Welcome to our third part of Dog Grooming Tips For Beginners. This time, we will look at some Dog Grooming Techniques.
A professional dog groomer never stops learning new things. Every day there is something new to study or some new trend discovered. A technique that was acquired 10 years ago may change, and you have to adapt to the new ways things are done. However, the primary methods remain the same as they are tried and tested.
If you love working with animals (mainly dogs and cats), then a little extra study from time to time will no doubt be something that will interest and excite you.
Actually, in the next few weeks, I’ll be writing a post about the different courses of study available for working with animals, and grooming will indeed be one of the course topics.
Back to today, though. Dog Grooming, like hairdressing, is an art-form. The groomer is both a stylist but also, and more importantly, somebody who has knowledge of dog/cat health, the level of which will depend on their studies but all groomers should have studied basic hygiene and health.
Before taking your dog to a groomer, it is always best to ensure that you’re leaving her with somebody you can trust. Somebody who has the proper knowledge and skills in the following techniques, which are regularly used depending on the breed. This is, of course, after a good revision of your pet to make sure all is looking healthy, i.e. ears, paws, tail.
The aim of the groomer’s work is to make sure the animal ends up with an excellent aspect to their coat and overall condition. The coat must, in many cases, last a long time before another session so it should be able to protect your cat or dog in any season of the year.
The techniques used will all depend on the breed of dog or cat, the type of coat, the kind of cut requested by the client where appropriate for the breed, and other possible factors concerning each individual.
It must be warned that these techniques require proper training from a professional dog groomer. If they are used in the wrong way, your dog/cat may end up with an injury, or at the very least, a terrible hairstyle!
Described in our last post here. This is the action of using a stripping knife to renew the hair in rough/wire-haired breeds such as the Schnauzer. The end result is a more robust and healthier coat.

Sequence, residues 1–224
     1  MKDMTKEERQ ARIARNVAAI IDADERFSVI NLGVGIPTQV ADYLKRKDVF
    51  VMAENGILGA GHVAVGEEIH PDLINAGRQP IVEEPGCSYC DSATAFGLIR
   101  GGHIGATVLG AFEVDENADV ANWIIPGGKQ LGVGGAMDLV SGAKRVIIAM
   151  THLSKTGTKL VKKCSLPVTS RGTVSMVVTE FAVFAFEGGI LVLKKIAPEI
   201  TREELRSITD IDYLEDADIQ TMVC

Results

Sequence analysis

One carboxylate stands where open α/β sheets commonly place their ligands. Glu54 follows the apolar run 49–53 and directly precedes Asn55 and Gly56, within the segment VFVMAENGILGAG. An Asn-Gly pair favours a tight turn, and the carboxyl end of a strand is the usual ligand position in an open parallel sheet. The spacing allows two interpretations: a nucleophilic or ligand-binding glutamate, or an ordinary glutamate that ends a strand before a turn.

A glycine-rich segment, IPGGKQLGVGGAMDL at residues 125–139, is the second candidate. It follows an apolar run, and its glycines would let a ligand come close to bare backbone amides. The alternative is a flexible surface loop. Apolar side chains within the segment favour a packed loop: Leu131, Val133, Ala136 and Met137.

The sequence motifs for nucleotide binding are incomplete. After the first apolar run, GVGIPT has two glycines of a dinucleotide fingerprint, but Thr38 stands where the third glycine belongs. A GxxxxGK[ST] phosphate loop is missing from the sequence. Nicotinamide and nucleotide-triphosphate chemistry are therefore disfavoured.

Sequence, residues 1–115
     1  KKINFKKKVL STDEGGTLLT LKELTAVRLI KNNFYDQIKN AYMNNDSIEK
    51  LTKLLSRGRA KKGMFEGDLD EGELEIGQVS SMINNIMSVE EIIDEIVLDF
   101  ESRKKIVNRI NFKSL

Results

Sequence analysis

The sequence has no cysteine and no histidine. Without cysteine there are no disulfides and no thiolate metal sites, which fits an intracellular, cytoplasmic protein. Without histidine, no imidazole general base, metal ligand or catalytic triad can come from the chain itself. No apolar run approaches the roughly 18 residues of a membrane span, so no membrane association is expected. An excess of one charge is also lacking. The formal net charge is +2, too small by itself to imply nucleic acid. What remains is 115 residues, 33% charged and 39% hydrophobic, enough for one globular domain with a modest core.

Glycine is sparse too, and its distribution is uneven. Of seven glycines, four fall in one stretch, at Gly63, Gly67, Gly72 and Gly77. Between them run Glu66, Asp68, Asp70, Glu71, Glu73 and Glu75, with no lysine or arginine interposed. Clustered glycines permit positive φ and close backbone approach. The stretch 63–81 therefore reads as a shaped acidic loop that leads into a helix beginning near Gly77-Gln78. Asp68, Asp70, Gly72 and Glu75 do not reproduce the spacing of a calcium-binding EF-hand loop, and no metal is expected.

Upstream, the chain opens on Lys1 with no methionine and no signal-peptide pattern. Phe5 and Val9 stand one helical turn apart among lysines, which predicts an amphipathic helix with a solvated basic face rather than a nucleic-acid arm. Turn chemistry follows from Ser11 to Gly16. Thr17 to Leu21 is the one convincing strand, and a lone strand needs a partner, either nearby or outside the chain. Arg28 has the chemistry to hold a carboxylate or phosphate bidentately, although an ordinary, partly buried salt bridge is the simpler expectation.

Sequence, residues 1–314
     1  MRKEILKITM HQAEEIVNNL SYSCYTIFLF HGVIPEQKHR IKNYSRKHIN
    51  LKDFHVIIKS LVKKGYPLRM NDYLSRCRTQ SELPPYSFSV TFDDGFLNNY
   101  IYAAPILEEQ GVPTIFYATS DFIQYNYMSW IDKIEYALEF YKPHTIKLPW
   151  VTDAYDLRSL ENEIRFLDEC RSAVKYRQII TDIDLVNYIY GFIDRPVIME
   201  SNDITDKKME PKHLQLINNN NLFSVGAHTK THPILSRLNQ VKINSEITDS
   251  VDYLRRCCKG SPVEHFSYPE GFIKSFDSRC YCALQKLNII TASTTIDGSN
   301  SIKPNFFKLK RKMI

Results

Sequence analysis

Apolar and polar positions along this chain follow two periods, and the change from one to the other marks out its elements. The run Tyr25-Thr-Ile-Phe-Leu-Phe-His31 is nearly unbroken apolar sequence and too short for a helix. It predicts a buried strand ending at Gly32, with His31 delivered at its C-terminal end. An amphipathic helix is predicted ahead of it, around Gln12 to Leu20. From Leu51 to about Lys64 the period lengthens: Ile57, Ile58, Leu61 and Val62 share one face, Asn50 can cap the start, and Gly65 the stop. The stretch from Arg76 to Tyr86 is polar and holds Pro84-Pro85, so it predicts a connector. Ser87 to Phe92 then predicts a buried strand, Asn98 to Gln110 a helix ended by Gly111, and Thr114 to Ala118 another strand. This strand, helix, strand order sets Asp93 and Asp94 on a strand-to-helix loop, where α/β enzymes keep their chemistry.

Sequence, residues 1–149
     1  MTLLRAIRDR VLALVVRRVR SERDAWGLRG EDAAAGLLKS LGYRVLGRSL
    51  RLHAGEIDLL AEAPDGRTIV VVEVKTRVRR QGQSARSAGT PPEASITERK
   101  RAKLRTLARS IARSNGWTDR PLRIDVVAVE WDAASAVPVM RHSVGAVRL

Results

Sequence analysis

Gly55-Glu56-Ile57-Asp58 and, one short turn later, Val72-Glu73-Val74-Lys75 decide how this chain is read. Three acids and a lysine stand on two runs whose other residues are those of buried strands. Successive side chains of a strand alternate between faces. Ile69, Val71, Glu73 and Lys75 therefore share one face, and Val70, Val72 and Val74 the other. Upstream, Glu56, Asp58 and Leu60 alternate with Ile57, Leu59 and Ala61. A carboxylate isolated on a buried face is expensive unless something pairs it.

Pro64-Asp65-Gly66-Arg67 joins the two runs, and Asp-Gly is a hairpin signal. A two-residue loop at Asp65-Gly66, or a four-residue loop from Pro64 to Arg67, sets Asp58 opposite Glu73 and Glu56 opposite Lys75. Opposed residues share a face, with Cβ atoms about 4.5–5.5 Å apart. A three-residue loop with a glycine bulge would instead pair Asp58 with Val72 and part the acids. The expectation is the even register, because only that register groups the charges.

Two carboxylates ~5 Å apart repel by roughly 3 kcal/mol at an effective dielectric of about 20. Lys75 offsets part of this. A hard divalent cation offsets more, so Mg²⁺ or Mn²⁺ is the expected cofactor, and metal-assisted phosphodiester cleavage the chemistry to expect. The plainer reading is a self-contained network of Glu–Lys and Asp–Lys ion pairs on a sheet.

This involves literally pulling the hairs out with the fingers, using a rubber thimble as an aid if required. This is standard practice when removing hair from inside the ear canal of dogs or removing dead hairs from a cat.
This requires precision cutting. Blending means it is impossible to detect the fusion of one length of coat or layer with the next. All areas of the body are cut in such a way to conceal the “joins” of different zones. They are blended together.
You might consider this one pretty easy. It is, after all, a ponytail on top of the head. However, there is skill involved in this so that the long hair which would typically hide your pet’s eyes, is pulled back but in such a way, that it doesn’t bother the animal. Going from personal experience, if I pull my ponytail too tight, I get a headache. So it’s always something to bear in mind if you do do this because your dog/cat can’t tell you if they have a headache and then reach for the paracetamol! There is a technique to it.
Yep, you read that right. This is for hygiene purposes and requires a very steady hand and the correct electric razor. As you can imagine, the hair around this area gets slightly dirty so best to keep it as clean as possible.
This is a technique which gets rid of dead hair from the undercoat. Whether you use a stripping knife (blunt is best here) or a Furminator, carding will remove the sub-coat leaving your angel feeling a lot fresher.
The hair is “dragged” out through the top-coat so you must be careful not to damage this. It takes skill and knowledge to get this right without damaging the top hair.
Any damage will be seen after a few weeks of hair growth. To finish, the coat is gone over with a comb to remove any stray hairs. The skin must be checked regularly for any sign of irritation. Not ideal for all breeds.
Clipper work (Flatwork)
Using a Shearing machine for a short effect. Flatwork, however, uses a longer blade for a more attractive finish.
Using either a small electric razor or rounded scissors (carefully), the hair between each paw pad is removed. At this stage, you could find anything stuck in there – chewing gum, cigarette butts, leaves, thistles you name it. This routine is vital for healthy paws.
The above dog grooming techniques are necessary – according to each breed – so that your canine and feline friends maintain correct hygienic conditions. They will also be happier for it because they cannot get rid of excess dead hair themselves as they used to in the wild, rubbing up against trees or rocks.
Some groomers will include most of the techniques in a set price while others may decide to charge separately for extra work and concentrate on the basic needs of getting your dog clean.
Dog Grooming Tips For Beginners – Dog Grooming Techniques
If you fancy becoming a professional dog groomer, why not subscribe for updates here because coming soon, there’ll be a post about online animal courses you can take – grooming and other animal-related topics.
What do you think? If you found this post interesting, feel free to like it and comment below, and share with friends and family. My post regarding dog grooming tools may also be of interest. Thank you for reading.